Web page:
Death of Sales Man -Marxism Approach

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Why must attention be paid? Since the play's debut, amazingly over 50 years ago now, that has been the central question : must we pay attention to the demise of Willy Loman? Even Willy's name seems to be a gauntlet thrown down in the face of the critics. Where traditional tragedy deals with the high born, the fall of royalty, Arthur Miller quite consciously structures his drama around the fall of a lowly man, a two-bit salesman. But the answer to the question, as is so often the case, is all in how you ask it.

You see, if the question is, can the life and death of a salesman be tragic?, then, of course, the answer is yes it can. Nor does it require that he be a "great" man, but it does require that he be a good man. The problem with trying to imbue this play with the aura of tragedy is not that Willy Loman is a little man, it's that he's not a good man : he's not much of a salesman; he cheats on his wife; he lives vicariously and unfairly through his eldest son, Buck, then makes excuses for that son's pathological misbehavior; he virtually ignores his second son; he's a real bastard to friends, neighbors and extended family; and so on. Perhaps I missed something, but what quality is it in Willy that should make us regret his departure?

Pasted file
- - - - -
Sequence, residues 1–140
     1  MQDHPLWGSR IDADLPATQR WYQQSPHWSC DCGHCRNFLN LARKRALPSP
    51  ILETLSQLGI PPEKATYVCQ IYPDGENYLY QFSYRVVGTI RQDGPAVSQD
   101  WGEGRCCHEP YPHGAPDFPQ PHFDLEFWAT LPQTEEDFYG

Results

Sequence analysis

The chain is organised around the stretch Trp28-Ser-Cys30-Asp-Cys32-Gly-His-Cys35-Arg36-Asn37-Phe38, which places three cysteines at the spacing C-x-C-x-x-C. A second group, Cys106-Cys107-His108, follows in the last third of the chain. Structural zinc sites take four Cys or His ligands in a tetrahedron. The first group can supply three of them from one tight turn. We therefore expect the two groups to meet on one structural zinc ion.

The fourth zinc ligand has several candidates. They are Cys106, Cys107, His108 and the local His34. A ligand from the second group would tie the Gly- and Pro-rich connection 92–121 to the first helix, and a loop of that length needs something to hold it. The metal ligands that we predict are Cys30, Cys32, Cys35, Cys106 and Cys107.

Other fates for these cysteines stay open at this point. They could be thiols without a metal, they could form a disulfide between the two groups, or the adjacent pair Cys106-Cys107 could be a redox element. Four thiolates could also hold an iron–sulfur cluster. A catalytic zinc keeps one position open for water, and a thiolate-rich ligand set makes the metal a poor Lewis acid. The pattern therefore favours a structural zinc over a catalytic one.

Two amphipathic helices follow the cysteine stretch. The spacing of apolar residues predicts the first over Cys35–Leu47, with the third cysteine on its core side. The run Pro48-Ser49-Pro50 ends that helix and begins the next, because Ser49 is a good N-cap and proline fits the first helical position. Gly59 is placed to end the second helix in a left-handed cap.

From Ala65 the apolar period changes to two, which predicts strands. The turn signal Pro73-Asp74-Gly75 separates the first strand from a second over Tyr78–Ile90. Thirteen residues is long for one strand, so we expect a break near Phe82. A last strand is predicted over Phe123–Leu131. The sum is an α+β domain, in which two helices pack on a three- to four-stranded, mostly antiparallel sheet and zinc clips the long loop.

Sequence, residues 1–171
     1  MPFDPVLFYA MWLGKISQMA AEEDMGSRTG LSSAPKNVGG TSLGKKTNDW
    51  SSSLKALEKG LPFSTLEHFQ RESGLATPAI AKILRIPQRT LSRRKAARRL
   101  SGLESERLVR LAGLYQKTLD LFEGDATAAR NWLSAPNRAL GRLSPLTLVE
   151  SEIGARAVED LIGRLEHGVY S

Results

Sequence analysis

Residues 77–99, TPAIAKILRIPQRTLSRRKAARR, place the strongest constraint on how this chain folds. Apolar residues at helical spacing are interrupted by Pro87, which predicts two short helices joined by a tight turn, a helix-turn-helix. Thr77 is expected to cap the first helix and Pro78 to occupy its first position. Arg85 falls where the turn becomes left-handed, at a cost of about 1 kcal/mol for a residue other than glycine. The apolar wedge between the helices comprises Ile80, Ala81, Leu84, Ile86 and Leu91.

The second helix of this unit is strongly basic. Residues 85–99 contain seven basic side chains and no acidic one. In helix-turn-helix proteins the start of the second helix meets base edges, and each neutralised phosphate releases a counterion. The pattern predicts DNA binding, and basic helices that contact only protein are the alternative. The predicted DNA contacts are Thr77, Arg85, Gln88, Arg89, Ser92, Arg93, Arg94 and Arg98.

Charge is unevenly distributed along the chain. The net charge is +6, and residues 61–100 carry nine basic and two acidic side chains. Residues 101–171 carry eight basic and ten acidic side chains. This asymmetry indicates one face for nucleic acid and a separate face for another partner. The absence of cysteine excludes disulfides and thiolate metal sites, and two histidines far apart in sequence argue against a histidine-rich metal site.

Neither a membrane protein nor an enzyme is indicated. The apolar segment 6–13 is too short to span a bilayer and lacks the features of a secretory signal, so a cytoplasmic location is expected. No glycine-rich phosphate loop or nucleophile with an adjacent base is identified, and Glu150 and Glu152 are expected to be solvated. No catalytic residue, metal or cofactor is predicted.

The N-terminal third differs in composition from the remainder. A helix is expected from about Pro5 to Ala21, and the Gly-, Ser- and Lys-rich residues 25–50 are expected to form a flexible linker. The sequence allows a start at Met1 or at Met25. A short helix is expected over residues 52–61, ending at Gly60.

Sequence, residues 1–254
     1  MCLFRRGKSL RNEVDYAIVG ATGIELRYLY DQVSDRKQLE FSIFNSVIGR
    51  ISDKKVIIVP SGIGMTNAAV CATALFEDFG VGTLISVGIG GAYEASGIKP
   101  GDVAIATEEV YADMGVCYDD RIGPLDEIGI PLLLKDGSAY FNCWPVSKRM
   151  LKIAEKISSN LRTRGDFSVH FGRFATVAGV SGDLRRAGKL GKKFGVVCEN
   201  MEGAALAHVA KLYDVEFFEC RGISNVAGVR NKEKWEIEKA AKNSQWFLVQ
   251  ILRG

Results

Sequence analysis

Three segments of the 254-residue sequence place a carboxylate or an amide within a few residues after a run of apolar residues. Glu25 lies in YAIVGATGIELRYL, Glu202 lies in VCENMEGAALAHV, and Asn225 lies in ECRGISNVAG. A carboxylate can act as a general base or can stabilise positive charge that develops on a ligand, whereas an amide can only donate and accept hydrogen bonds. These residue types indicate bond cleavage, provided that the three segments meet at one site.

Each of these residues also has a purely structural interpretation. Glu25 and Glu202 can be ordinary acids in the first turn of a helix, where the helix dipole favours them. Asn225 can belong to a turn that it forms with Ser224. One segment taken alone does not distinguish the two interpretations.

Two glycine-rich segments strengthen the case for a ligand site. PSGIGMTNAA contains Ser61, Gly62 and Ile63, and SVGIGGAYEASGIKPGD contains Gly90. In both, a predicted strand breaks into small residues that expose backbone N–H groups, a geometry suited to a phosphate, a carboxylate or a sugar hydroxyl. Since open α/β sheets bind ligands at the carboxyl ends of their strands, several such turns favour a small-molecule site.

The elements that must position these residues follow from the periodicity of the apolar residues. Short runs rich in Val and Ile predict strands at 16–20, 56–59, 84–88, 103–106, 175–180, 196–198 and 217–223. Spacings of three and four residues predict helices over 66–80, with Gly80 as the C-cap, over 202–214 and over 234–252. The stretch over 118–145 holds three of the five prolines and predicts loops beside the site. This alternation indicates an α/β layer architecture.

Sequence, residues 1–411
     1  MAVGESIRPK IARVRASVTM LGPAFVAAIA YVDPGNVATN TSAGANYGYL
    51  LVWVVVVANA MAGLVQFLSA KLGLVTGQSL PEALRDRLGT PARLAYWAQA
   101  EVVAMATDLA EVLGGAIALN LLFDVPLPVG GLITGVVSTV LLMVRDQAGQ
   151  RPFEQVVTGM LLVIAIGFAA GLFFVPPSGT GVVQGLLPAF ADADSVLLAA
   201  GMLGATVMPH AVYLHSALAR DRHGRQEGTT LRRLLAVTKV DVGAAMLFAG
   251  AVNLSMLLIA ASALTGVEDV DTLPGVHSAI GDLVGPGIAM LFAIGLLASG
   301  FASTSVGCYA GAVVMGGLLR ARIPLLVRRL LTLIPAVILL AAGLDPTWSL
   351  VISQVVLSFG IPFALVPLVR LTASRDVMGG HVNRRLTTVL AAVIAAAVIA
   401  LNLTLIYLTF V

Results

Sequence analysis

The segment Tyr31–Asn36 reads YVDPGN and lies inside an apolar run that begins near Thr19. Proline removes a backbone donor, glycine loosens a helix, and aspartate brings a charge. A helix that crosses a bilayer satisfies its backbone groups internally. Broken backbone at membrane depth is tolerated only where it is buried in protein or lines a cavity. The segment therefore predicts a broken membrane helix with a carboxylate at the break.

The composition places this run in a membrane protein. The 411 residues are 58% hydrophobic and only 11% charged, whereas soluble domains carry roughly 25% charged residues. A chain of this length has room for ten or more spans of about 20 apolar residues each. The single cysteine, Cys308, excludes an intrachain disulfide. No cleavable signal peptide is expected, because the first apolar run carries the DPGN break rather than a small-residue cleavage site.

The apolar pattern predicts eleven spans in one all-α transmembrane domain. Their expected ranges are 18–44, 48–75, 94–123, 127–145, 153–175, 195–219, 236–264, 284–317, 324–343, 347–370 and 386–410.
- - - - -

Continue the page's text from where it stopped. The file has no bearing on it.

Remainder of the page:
Arthur Miller, who is one of the last unrepentant Marxists, obviously sees Willy as a victim of capitalism. Willy has bought into the American Dream and it has destroyed him; after a lifetime of toil in the system, he is being disposed of now that he is no longer productive. The problem with this is that, much like Jay Gatsby (see Orrin's review), Willy has simply failed to understand the promise of that dream. He believes that the recipe for success is to be "impressive" and "well-liked" and for your children to be identical to you in manner and aspiration. Toward that end, he is all back-slapping, forced humor,
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